Running is a solo sport, but it doesn't have to be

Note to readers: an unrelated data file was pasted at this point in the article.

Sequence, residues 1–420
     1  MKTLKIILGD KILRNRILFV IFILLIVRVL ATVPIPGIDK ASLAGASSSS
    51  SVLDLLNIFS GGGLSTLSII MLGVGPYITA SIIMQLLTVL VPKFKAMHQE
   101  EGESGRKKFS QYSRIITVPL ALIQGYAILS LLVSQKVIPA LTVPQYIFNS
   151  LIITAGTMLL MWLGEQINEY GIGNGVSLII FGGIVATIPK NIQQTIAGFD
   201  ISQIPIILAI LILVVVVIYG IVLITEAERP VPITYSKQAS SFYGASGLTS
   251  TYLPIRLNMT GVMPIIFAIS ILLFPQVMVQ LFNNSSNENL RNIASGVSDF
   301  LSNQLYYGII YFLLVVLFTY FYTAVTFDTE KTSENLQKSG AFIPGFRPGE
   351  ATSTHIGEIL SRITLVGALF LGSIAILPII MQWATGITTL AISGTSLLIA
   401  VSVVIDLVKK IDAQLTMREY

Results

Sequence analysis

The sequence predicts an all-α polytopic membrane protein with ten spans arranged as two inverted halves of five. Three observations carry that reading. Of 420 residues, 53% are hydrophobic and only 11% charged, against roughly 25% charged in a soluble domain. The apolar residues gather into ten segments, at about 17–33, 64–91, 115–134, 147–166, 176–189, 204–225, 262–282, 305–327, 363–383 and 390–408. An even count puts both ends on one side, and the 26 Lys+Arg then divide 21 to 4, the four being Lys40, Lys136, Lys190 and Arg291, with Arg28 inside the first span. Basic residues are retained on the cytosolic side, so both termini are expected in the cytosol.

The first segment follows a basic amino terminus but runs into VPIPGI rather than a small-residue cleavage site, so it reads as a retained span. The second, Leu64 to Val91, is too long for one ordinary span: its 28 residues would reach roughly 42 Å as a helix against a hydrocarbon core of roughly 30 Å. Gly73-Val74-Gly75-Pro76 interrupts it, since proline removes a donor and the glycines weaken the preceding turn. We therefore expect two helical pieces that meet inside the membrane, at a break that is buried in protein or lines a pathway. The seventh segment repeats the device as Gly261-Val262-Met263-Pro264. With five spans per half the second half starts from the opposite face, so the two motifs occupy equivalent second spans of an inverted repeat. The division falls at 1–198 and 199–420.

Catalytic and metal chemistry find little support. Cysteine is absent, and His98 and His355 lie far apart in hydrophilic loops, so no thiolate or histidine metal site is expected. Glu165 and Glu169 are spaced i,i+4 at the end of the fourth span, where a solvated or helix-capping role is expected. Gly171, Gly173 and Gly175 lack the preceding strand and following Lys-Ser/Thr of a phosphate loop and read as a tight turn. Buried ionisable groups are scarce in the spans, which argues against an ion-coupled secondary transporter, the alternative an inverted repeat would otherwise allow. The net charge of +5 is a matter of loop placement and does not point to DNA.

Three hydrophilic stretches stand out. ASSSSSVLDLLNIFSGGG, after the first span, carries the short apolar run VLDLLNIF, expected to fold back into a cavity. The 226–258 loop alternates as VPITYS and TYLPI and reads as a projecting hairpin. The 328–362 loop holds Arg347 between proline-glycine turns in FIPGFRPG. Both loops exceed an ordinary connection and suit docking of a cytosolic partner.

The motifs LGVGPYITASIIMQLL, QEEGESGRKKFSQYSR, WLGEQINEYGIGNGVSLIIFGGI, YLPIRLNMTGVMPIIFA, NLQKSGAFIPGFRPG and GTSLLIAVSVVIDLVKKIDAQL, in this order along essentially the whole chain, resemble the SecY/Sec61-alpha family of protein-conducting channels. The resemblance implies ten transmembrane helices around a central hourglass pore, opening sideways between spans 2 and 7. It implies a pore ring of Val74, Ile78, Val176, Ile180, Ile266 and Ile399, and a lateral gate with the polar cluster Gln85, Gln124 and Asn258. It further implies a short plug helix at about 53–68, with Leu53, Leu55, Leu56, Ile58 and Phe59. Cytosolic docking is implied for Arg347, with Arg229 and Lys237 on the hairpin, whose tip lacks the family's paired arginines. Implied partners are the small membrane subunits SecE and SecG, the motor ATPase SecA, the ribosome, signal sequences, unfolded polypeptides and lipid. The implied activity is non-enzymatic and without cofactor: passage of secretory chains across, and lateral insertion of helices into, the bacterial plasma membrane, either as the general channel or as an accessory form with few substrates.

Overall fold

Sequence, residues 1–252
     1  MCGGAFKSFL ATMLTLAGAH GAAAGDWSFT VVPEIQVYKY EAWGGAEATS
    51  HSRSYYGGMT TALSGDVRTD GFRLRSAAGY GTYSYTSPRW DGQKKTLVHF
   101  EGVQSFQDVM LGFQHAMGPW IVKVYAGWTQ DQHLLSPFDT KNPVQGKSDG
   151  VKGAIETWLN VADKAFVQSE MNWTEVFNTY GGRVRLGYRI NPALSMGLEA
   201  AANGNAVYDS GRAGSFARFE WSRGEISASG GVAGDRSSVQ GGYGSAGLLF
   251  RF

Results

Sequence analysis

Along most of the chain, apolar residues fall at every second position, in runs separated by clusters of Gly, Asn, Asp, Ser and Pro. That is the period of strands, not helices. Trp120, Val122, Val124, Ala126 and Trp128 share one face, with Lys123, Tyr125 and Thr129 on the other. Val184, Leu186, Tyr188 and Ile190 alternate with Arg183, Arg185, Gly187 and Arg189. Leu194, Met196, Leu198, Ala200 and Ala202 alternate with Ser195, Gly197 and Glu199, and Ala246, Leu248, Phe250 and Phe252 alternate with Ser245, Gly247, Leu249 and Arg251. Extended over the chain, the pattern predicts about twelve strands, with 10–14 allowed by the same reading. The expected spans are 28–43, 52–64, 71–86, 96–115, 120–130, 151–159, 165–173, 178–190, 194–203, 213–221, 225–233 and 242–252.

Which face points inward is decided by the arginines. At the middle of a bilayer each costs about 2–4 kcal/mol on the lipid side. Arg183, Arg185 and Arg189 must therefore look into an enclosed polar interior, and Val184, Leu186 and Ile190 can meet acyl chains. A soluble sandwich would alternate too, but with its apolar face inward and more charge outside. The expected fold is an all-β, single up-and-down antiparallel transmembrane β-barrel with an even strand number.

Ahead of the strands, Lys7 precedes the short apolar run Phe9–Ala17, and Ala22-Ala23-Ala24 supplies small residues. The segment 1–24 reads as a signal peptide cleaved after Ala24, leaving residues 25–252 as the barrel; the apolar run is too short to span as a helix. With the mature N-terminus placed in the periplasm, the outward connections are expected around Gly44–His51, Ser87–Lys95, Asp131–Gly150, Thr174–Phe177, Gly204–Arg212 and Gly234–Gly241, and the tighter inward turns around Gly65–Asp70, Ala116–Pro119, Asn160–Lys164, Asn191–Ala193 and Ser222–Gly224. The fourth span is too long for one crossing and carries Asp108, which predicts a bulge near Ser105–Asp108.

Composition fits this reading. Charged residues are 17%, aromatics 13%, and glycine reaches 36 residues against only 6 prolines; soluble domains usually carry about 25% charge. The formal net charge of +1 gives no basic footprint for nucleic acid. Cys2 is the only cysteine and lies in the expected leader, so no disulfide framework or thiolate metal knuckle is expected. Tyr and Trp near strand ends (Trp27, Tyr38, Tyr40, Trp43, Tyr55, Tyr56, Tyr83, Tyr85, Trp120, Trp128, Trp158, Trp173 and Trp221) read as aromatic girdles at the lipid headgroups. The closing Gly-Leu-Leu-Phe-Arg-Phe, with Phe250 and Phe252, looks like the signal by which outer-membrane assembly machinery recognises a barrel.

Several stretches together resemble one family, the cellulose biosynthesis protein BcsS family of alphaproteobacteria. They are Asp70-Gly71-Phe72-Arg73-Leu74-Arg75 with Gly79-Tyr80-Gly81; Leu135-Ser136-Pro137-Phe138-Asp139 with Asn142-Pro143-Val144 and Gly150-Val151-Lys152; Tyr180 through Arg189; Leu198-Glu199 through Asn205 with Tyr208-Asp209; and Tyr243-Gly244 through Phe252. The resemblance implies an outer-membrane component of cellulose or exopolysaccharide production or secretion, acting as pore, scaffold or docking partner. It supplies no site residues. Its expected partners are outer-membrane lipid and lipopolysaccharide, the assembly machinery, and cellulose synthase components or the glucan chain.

When I started running in my 20s, I mostly ran solo and never trained consistently. There was always one excuse or another: it’s too hot, it’s too cold, I’m too tired, I have work to do, I have no time, etc. . . . When I got back into running in 2017, after six months of running on my own and surviving a 10k race, I mustered the courage to join the North York RunNinjas, a running group that met close to my home. I was nervous at first because I didn’t know if I would be able to keep up with their pace. The first time I ran with them, they did a 15-km point-to-point run. At about 12 km, I was lost. I couldn’t imagine running another 3 km so I gave up and called my husband to pick me up. Despite this humbling first experience, I continued to join the runs. Soon, I started to look forward to running with the group. Looking back, it’s one of the best things I’ve ever done for myself, right up there with marrying the right husband and getting laser eye surgery! Running with this group has turned this solo sport into something more social for me. I might be biased but I think I have the best run crew in the world. Everyone is super friendly, encouraging, and supportive. I’ve met so many great running buddies from this group. They are now my running family. Special shout out to my #solemate @belovedrunner. Magic happens when we run together. This group meets up rain or shine, snow or hail, and we run outside. The only time a run was cancelled was after a major snow storm hit Toronto and schools were cancelled for the first time in eight years. We even run on holidays! When you know that there’s a group of people who will show up no matter what the conditions are, there’s so much more motivation to show up and be #badass together. I no longer dread Saturday long runs. It’s something I look forward to because I can run-chat with my friends. Not only does run-chatting help the kilometres go by faster, it also helps to control your pace. If you can’t talk in full sentences during a long run, you are going too fast. Also, our leader/coach, Jim Willett, is the best. He always comes up with fun route ideas. We have done bagel runs, chocolate runs, scenic runs, destination runs, etc. It’s so much fun to explore parts of the city that I would have never visited or noticed before like the Rainbow Tunnel, the Buddist Temple, and all the murals around the city. Sometimes, it’s just running to a street with a cool name like when we ran to Resolution Cresent for the last run of the year and shared our 2019 running goals. My personal favourite was when we made #StravaArt for our first run of 2019. Once in a while, we also run for brunch. On our Wednesday training runs, we do a variety of intervals, hills, and speedwork. It’s a different workout every time, which keeps it interesting. It’s also more effective when you switch up your workouts. Not to mention that most of us would never do hills or intervals on our own but when Jim tells us to do it, we do it. Somehow, suffering through these workouts as a group lessens the pain and having people who run at a faster pace helps me to go faster. Running races is also a lot of fun when you are part of a running group. There are either people running with you or cheering for you. Many of us ran the Scotiabank Toronto Waterfront Marathon last year. Those who didn’t run came out to cheer. At the 40-km mark, all the high fives from our cheer squad gave me that extra boost of energy to push to the end. The best part is post-race when we can celebrate together! Joining a run crew has definitely been a game changer for me. If you aren’t already part of a run crew, I hope you will be able to find one and try it out. If you don’t have one in your area, find a couple of other runners and start one. If you are ever in our area, the North York RunNinjas heads out from the North York MEC store on Wednesdays at 6 pm and Saturdays at 8:30 am. Follow us on IG @RunNinjas and on Strava and feel free to join us IRL. All are welcome!
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